I recently re-read The Great Divorce, by C.S. Lewis. I first read that book four years ago, and Lewis is such a deep and clear writer my original review is still valid. I will incorporate much of it in this post. The Great Divorce is presented as a dream, where after death the soul is transported to what seems to be a generic street in London or some similar city. All commodities are effectively unlimited. Thus, decision by decision, step by step, souls choose one of two fates over what for some is an immense span of time: either total isolation (Hell) or total unity (Heaven). The conflicts one must turn away from are conflicts with God, conflicts with enemies, and conflicts caused by choosing lower forms of love above higher forms of love.
First, the connection to Weight of Glory. Weight focuses on dimensional projection, and how we likely observe reality as a lower-dimensional shadow or projection of what it actually is. Thus the dream-vision of The Great Divorce is less a supposition or an imagination, and more a lower-dimensional description of Lewis’ actual beliefs on eternal judgment.
And that judgment depends on Lewis’ interpretation of eternal life. There is no hunger or pain or death anywhere in The Great Divorce:
Anything can be wished for, as long as it does not overwrite the wish of someone else. So one can simply move to the suburbs, to an empty space, and wish for a great house. One can go even farther away, to where no one is visible, and wish for a lonely existence there. Eventually, one will end up infinitely isolated from all others, a shell of a personality.
Or one can take a bus up, to the edges of Heaven, and get off and, with angelic or saintly help, walk the rest of the way up the mountain. For as in the Qu’ran and Tom Merton, Heaven is up a high mountain, one almost painfully real compared to the city and suburbs below.
Second, The Four Loves. Loves discuss three times of natural love (friendship, erotic attraction, and familial affection) in terms of what they contain (a desire for the naked personality, naked body, and simple presence) of Christian love, and how Christian love (with its focus on the good of the other) completes them. In The Great Divorce, the last temptations against entering Heaven are typically these lesser loves, incomplete but still pointing to something real in Christian love. I had not realized how systematically Lewis addressed the lesser loves in The Great Divorce before re-reading it.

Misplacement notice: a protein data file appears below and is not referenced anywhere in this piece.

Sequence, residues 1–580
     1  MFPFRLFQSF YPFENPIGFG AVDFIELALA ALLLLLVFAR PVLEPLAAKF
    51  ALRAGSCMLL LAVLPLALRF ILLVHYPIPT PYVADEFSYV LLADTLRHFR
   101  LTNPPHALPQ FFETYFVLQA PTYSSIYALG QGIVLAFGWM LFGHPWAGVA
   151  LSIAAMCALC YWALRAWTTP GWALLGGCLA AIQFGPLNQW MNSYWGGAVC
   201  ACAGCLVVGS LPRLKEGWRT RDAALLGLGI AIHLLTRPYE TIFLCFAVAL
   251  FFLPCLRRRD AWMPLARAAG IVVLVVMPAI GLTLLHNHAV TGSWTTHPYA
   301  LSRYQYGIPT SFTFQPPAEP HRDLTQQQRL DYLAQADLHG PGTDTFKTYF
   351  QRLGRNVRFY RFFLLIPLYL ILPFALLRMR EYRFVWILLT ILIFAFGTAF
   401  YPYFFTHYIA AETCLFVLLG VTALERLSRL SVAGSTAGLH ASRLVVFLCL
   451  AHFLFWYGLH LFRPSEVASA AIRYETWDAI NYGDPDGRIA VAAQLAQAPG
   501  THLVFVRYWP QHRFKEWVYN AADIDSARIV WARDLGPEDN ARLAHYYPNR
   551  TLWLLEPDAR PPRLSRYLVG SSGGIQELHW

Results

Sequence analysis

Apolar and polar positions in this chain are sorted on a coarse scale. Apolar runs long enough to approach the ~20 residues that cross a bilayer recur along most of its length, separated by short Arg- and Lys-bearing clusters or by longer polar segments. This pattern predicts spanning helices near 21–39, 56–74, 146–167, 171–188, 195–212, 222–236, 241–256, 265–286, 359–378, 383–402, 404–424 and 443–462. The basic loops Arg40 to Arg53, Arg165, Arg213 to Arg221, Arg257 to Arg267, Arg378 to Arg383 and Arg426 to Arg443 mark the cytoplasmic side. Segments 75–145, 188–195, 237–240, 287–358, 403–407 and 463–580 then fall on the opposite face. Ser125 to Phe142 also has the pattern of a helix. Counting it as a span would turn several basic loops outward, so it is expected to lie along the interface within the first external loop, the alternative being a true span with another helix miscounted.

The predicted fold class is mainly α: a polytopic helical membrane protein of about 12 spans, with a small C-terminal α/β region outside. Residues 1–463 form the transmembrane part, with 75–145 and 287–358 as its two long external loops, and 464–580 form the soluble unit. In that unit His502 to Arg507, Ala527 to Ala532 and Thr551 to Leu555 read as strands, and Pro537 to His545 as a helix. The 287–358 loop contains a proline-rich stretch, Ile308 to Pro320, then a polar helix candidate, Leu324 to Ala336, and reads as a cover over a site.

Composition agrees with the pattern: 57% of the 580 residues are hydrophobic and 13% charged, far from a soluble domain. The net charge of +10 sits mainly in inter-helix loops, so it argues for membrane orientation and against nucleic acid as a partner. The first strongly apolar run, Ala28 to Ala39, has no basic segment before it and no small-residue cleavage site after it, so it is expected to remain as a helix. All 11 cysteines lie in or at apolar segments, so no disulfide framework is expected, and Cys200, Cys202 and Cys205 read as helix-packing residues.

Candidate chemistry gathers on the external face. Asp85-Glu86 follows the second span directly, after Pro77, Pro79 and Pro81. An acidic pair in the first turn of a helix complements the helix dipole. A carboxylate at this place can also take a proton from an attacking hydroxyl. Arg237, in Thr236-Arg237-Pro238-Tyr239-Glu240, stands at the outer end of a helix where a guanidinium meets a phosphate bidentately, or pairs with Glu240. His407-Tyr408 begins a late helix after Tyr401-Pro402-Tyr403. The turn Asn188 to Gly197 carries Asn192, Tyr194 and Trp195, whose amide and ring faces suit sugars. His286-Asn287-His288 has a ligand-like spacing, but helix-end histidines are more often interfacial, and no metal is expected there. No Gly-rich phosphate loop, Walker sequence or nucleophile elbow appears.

During my first reading of The Great Divorce, I saw the challenge of choosing to live in Heaven, even if one has to see one’s enemies there. As I said in my first impressions — This next land, where security, commodities, and time are all limitless, is already inhabited. In the midst of our happiness will be some of our enemies.
Thou preparest a table before me
But it will also contain people we think of as children, or that we lust over, and our friends may think it’s not worth going there. Thus may storge, eros, and philia work against agape. That’s worth considering, and praying over, and creating new habits for, too. This extends even to theology, as the love of thinking thoughts about God can be an idol put up against God. In one scene, a theologian is condemned (decides to stay in Hell), as entering into Heaven means abandoning the dynamic process of theological speculation for receiving the reality of the Divine.
I read The Great Divorce in the Audible edition.